3Style Kitchens Blog

Kitchen Trends Blog – February 2017

POSTED ON 1st February 2017

How to create a hygge kitchen

If you haven’t come across the word ‘hygge’ yet then where have you been? Pronounced ‘hoo-gah’, hygge is a Scandinavian concept that embodies the feeling of well-being brought about through warmth, cosiness, sanctuary and belonging. The kitchen, therefore, lends itself very well to this idea so this month’s Kitchen Trends blog is all about how to create a hygge kitchen.

There are a number of strategies for creating hygge in your kitchen, whether you’re designing a new kitchen from scratch or augmenting an existing space. Here are a few of our best tips:

Colour and Texture

Soft shades work well to create a feeling of warmth and cosiness. We recommend soft pastel shades such as warm French greys, soft blues or even vintage blush pinks. A shaker style painted kitchen such as our Portland or Salcombe ranges work perfectly for this. You can introduce some texture and pattern through a tiled splashback but keep it muted; hygge is all about blending rather than contrast.

For those not looking to remodel their kitchen, you can introduce these colours in wall coverings and accessories which will work great with a neutral coloured kitchen but harder to achieve if your kitchen is a strong colour.

Social Space

Hygge is about much more than what your kitchen looks like; it’s about bringing people together and creating a social space. If you have room in your kitchen you can achieve this via a kitchen table, island unit or even just a breakfast bar/seating area. Eating, cooking or baking together is a great way to create a sense of community in your kitchen so consider this in your kitchen design by having long counter tops that allow more than one person to share in the cooking or seated areas close to the prep/cooking area so that people can sit and chat with the chef.

Textiles

Nothing quite creates a feeling of cosiness quite like soft furnishings and textiles. It might be difficult to cram a big squishy sofa into the kitchen but you can certainly use textiles to good effect: blinds/window coverings, cushions on dining chairs and benches and even tea towels and aprons will all soften the space. Stick to Scandi-inspired colours and patterns and use soft fabrics – it’s all about appealing to all the senses so touch is very much a part of that.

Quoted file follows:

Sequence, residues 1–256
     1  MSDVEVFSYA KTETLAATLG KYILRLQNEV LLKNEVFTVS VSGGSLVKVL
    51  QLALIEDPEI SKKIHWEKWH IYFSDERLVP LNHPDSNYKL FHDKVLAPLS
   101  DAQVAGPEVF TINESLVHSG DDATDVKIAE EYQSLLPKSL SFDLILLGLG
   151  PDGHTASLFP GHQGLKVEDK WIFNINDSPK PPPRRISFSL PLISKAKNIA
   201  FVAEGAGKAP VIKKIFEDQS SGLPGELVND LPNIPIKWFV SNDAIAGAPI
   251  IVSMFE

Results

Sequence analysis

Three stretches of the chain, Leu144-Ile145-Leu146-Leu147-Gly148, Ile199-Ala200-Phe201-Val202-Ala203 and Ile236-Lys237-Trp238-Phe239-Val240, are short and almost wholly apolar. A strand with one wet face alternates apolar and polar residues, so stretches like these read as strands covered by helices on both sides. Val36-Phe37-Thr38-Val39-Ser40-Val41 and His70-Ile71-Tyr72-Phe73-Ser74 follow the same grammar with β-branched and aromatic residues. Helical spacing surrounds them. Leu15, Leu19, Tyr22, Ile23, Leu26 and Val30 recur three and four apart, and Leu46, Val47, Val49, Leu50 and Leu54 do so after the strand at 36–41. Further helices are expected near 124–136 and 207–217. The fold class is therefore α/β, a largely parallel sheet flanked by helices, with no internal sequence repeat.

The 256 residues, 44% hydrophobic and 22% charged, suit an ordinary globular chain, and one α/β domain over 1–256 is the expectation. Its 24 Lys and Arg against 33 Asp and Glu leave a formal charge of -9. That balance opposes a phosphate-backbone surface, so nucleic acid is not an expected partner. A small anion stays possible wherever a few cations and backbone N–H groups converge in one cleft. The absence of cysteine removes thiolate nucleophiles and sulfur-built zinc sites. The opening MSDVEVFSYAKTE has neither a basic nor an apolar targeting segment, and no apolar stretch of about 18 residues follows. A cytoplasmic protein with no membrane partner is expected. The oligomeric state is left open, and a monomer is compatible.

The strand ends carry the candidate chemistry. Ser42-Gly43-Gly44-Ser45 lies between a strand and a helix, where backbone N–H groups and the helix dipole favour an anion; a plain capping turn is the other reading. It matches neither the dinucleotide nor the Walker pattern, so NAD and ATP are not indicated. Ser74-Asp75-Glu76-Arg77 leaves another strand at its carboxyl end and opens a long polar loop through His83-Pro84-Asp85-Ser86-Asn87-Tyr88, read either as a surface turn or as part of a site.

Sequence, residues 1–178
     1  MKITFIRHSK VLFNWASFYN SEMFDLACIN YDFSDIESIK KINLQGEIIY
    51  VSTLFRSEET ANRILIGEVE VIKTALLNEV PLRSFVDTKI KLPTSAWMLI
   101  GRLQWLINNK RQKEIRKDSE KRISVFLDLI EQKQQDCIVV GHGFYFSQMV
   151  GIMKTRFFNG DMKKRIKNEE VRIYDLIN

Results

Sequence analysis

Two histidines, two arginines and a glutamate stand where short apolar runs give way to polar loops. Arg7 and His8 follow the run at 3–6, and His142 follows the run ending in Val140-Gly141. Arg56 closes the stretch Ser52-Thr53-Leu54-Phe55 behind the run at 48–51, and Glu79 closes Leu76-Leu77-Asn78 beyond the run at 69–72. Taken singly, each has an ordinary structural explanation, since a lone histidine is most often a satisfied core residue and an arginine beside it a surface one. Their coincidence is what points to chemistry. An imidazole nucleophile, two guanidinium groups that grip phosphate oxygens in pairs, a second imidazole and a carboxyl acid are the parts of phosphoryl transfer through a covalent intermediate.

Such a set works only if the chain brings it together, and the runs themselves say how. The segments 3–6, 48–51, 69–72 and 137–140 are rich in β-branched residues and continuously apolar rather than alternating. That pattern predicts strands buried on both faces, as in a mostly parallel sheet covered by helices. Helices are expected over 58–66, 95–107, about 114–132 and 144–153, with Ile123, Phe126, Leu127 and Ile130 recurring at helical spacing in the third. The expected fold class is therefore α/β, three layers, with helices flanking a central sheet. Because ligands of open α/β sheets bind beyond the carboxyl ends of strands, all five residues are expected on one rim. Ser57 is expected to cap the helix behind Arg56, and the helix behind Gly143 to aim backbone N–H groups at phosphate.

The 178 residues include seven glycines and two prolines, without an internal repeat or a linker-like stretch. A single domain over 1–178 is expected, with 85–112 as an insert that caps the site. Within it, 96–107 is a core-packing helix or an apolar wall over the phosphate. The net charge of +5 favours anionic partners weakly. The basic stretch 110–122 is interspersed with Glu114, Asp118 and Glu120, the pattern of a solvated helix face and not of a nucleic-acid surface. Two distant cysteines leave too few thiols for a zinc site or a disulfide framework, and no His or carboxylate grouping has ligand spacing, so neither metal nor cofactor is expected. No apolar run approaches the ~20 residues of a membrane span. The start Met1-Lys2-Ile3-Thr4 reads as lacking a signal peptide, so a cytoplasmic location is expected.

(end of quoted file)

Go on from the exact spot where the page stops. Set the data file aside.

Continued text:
Lighting

Lighting is often sidelined when designing a kitchen but it can make a big difference to the feel of the room. Brighter lighting may certainly be required in food prep areas but softer lighting is definitely more desirable for chatting over a slice of home baked cake or sharing a nice glass of something with friends and family. Make your lighting design flexible – have additional lighting options such as isolated spotlights or under cupboard lights in cooking areas that can be switched on in addition to other, more atmospheric lighting. Keep lighting low key in social spaces and consider other light sources such as lamps and candles to keep it nice and cosy.

Something for all senses

We’ve looked at the visual side and spoken of the tactile side of soft fabrics and textures but you can also really embrace hygge through smell. Cooking and baking smells contribute to the real feel of the kitchen so it’s good to incorporate appliances that really make this a pleasure such as a beautiful range oven (which you can get in various pastel shades), a semi-professional cooker such as a  Neff Slide and Hide or even an Aga. Even counter-top appliances such as a coffee machine or bread maker will fill the kitchen with welcoming aromas. Aside from food, good use of scented candles will really add to the atmosphere too.

We hope that gives you some good ideas for creating a hygge kitchen. We have lots more visual inspiration on our Hygge Kitchen Pinterest board so do take a look at that. If you’d like to create this feel in a new kitchen then we can show you lots more through a kitchen design consultation. Just give us a call on 0800 321 3491 or request an appointment here.

 

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